Everywhere it's a populist insurrection that sets the average voter against the ruling elites. Here in the US it's a repudiation of the "globalism" that both American parties, both 'liberals' and 'conservatives', and most of our would-be 'leaders' (Obama and Hillary, along with the Bush's, Rubio and the rest) have traditionally supported and facilitated.

I think that the way to understand Trump is to see him as an American nationalist first and foremost. His positions on everything from immigration to trade to international affairs is shaped by what he believes is in the American people's interest. He doesn't believe that totally open borders are in the people's interest. Immigrants need to obey US immigration law as a condition of entry and we have to have some idea who they are and what their background is, so that they don't represent a threat to the people already here. He doesn't believe that running huge trade deficits every year with countries like China is in the American interest. He doesn't believe that de-industrialising the United States, closing factories everywhere and shipping all their jobs overseas is in the American interest. (The reason why we won World War II was that we outmanufactured Germany and Japan, and flooded the world with tanks, planes and ships in just 3 1/2 years. So what will happen if a war erupts with China when China has all the manufacturing capability?)

There's a reason why the establishments of both American parties hate him so passionately, and why conventional European elite opinion reviles him. He goes directly against the political doctrine that nations no longer mean much of anything in our globalizing world, that the future lies in increasingly quasi-governmental international organizations like the European Union ("Ever closer union!"), into which all of the former nation-states surrender their sovereignty (and their cultural distinctiveness along with it). But as we saw with Brexit, sometimes the people have other ideas. They see the efforts to centralize all power in fewer hands, further away from and less accountable to the people they supposedly represent, along with the tendency to imagine the world's peoples, traditions and cultures as increasingly homogeneous and fungible, as essentially totalitarian.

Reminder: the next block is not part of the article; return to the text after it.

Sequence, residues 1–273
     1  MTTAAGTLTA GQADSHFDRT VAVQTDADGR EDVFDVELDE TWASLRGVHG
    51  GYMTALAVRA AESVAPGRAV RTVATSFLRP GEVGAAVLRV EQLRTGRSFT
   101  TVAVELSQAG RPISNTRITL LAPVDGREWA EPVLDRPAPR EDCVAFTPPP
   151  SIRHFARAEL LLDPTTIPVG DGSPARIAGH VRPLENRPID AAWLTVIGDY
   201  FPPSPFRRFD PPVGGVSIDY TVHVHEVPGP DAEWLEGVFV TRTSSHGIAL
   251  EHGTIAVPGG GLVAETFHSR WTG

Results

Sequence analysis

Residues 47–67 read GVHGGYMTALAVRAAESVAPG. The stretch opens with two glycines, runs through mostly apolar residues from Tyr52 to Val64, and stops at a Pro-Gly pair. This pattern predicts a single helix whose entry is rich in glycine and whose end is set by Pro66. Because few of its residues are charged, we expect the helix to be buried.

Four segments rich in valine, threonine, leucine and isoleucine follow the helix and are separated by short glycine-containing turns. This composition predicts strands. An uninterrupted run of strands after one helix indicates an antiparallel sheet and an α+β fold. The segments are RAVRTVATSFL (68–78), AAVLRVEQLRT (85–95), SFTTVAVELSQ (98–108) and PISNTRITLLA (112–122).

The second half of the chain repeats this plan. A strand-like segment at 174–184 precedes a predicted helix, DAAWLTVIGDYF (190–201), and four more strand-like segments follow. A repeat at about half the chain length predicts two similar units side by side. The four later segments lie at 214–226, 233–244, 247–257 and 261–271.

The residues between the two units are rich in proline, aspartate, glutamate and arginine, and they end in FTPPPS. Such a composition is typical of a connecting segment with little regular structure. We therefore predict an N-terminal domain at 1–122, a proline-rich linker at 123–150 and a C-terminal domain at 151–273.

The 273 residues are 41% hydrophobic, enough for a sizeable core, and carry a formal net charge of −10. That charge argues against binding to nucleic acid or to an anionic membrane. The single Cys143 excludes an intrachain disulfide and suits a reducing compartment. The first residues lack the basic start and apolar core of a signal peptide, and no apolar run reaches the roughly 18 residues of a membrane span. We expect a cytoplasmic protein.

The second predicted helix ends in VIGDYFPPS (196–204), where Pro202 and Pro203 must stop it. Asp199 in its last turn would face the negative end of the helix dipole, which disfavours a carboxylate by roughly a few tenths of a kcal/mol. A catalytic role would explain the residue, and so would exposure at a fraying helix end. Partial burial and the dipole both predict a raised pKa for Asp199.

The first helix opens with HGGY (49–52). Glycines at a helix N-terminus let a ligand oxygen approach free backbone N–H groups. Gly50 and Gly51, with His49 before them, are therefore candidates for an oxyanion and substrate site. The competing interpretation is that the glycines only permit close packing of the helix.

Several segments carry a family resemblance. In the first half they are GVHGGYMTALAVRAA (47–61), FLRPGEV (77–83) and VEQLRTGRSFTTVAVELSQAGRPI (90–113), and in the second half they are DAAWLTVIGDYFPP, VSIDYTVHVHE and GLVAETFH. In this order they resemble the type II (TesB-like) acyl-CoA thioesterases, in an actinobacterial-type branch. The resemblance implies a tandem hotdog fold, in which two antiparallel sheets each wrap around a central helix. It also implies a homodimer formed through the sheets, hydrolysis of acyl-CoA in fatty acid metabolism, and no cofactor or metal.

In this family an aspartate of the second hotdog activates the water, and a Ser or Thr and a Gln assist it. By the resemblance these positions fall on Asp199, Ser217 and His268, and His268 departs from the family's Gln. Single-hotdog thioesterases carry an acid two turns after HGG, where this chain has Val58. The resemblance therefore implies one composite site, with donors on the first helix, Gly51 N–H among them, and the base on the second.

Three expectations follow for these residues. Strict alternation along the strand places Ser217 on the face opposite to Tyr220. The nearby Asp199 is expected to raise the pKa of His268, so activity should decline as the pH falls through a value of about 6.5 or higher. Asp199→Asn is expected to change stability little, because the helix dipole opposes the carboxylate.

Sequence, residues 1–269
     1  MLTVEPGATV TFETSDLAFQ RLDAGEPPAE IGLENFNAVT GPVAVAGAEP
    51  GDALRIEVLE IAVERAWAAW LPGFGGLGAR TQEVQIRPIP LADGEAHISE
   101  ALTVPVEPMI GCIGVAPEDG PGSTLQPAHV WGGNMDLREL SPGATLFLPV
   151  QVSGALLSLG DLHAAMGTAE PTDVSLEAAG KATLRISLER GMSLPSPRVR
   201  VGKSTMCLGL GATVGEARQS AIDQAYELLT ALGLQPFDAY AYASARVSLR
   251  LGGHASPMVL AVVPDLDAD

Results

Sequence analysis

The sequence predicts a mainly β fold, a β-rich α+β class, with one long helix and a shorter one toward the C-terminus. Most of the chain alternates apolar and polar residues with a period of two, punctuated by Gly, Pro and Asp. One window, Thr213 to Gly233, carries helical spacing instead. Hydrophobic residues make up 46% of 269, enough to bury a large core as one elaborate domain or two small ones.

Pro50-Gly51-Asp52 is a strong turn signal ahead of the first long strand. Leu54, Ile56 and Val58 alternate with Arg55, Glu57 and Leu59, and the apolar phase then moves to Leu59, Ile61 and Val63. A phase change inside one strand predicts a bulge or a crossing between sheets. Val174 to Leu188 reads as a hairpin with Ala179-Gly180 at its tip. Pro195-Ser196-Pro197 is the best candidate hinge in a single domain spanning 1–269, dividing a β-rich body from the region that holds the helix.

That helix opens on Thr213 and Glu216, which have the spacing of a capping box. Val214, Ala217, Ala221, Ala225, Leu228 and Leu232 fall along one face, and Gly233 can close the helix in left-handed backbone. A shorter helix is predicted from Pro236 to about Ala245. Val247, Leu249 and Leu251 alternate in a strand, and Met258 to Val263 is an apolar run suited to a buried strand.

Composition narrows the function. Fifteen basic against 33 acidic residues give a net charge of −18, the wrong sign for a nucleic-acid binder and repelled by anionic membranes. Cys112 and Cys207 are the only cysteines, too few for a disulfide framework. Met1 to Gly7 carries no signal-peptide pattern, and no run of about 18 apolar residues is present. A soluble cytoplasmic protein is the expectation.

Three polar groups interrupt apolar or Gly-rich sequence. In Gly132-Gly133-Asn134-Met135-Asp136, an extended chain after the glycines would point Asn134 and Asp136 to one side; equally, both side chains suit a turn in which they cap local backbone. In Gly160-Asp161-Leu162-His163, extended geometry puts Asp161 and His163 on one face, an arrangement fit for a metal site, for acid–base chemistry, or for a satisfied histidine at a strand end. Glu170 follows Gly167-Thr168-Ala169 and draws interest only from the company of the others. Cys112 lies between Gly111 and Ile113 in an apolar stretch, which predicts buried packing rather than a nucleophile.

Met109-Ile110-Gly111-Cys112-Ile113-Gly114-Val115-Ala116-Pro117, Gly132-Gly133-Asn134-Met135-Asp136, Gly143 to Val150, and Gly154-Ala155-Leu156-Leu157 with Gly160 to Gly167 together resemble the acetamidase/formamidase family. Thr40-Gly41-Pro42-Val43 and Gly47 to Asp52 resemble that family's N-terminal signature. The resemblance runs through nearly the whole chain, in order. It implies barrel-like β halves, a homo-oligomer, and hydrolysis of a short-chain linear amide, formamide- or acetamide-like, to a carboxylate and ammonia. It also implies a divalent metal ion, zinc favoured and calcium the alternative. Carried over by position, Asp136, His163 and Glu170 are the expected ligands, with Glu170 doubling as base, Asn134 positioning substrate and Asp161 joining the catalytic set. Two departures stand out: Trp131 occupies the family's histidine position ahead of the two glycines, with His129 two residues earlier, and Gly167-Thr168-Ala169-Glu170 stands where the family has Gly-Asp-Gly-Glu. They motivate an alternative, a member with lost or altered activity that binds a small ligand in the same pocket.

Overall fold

This is going to be an election like no others in US history, an insurrection of American people against all of their self-appointed opinion-leaders -- the rich, the powerful, the media pundits, the university professors... and the aristocratic Bush and Clinton families who believe that they can play by different rules than the 'little people' (as Hillary showed with her smug and arrogant responses to questions about her server).